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The Battle of Austerlitz

Consequences of Austerlitz

From a political perspective, the Austerlitz campaign had major ramifications. One of the most significant outcomes of the campaign was the signing of the Treaty of Pressburg between Austria and France.


The Austrians had been decisively defeated. With their armies comprehensively defeated at both Austerlitz and Ulm, the Austrians were faced with a weak negotiating position and were forced to accept Napoleon’s unfavourable peace demands.

The Treaty of Pressburg was significant because it had effectively ended the Holy Roman Empire. This was a political entity which had nominal control over central Europe for what had been a millennium.


It is true that by this point the title bore no major political authority over the various German principalities of Central Europe however the end of the empire would translate for some Germans as the end of a golden era. Every culture contains myths related to its origin.


The Holy Roman Empire retained resonance for many Germans as it symbolised their golden age. This was a period in which the peoples of Central Europe were ‘united’ even if they were only somewhat associated with each other.


The more immediate impact of Austerlitz was the collapse of the Third Coalition. Austria was no longer in any condition to resist France. Instead, it was the other great central European power, Prussia, which would take up arms against Napoleon.

Holy Roman Empire

Some historians have made the claim that Austerlitz was a key event that would reinforce Napoleon’s confidence in his own abilities. The manner in which he was able to inflict a crushing defeat on the Allies would feed into his tendency for arrogance.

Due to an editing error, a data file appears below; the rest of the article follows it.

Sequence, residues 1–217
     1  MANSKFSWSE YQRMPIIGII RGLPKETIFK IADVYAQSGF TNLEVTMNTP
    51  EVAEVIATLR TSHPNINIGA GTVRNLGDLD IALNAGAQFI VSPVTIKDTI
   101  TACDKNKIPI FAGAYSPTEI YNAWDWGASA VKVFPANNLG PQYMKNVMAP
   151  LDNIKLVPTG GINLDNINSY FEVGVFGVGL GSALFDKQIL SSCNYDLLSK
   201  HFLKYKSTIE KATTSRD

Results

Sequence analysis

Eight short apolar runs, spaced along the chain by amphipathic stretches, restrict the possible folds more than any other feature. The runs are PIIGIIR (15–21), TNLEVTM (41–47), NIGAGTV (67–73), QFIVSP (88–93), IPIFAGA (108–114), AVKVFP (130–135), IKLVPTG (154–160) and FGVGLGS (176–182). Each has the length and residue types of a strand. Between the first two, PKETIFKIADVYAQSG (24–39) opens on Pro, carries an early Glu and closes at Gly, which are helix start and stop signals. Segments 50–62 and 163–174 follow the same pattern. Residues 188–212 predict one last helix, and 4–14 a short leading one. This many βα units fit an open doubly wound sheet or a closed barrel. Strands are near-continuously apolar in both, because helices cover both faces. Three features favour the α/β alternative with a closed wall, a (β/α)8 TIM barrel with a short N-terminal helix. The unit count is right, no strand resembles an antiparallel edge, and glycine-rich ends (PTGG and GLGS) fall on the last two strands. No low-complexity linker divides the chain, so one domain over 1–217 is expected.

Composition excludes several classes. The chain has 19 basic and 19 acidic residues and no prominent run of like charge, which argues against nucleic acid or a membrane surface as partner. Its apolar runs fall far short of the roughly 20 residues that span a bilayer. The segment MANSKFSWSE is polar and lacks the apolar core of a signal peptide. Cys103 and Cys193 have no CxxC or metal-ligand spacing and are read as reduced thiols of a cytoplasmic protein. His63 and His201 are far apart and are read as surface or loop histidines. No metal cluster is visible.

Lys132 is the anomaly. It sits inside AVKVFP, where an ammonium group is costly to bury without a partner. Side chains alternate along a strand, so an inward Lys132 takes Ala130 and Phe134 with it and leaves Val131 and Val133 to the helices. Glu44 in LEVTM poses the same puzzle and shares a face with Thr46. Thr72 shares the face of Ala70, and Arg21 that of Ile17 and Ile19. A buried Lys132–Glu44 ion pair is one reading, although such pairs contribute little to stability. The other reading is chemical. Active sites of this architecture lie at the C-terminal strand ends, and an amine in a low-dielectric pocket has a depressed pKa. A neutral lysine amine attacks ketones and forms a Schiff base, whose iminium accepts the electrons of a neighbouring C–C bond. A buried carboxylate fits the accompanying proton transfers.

Napoleon was already a man who strongly believed in his own destiny. After an early battle in his first Italian campaign, Napoleon was said to have remarked that it was up to him to give an example of what it was to be great. An over-inflated ego would only prove to be detrimental for Napoleon. Less willing to listen to criticism, Napoleon believed that he could do no wrong.


Indeed, in 1807 he attempted to place himself at the head of a ‘Napoleonic church’ by attempting to enforce an Imperial Catechism. The catechism is the official teachings of the Catholic Church. The Imperial Catechism that Napoleon had attempted to implement likened his being to that of a Jesus-like figure.


This arrogance could lead to lofty aspirations and ambitions that were nigh-impossible to accomplish. Prior to his infamous Russian campaign, an advisor to Napoleon by the name of Caulaincourt strongly advised him not to attack Russia. Napoleon refused to listen due to his belief in his abilities and began what would become one of history’s greatest calamities on the military stage.


Belief superseding ability is arrogance and it proved to be dangerous especially when the lives of many men rested on Napoleon’s decision.

Confederation of the Rhine.png

Confederation of the Rhine

 Significantly, and only two months before Austerlitz, the British had won a stunning victory over the French navy during at Battle of Trafalgar. The French would no longer be able to threaten British interests at sea. One could view Austerlitz as establishing two power blocs between both the British and the French.


The victory at sea had been matched by a victory on land. Austerlitz had shown that Europe was now a fight between the spheres of influence that existed with both nations. Napoleon had legitimised his young empire as a force to be reckoned with. The Napoleonic wars had truly begun.


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